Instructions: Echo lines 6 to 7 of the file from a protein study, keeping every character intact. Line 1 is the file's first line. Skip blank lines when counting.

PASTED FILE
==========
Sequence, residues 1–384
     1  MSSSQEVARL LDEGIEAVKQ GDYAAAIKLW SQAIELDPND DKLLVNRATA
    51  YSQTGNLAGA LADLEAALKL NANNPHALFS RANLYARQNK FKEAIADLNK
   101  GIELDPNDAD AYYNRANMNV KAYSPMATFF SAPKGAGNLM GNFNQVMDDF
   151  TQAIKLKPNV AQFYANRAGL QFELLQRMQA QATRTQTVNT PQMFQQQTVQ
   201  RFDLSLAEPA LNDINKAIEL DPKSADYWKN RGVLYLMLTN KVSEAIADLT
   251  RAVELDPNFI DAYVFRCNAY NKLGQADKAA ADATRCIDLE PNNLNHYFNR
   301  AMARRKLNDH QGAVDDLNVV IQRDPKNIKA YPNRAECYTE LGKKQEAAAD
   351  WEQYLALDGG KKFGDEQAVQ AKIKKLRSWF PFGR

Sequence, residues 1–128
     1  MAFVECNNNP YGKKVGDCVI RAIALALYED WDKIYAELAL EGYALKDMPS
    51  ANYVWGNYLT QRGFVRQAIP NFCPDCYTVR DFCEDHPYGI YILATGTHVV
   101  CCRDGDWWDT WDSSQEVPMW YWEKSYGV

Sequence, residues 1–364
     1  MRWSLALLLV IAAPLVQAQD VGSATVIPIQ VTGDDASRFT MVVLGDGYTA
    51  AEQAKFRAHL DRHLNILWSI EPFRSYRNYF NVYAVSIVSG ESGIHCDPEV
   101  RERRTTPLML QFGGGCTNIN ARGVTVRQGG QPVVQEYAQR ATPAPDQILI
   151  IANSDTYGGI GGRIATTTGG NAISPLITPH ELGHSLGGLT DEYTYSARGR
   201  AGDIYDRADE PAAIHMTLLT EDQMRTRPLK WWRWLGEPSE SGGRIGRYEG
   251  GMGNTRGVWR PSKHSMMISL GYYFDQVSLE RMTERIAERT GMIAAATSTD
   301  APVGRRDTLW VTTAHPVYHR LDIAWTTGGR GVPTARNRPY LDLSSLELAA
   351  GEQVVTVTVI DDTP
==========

   201  RFDLSLAEPA LNDINKAIEL DPKSADYWKN RGVLYLMLTN KVSEAIADLT
   251  RAVELDPNFI DAYVFRCNAY NKLGQADKAA ADATRCIDLE PNNLNHYFNR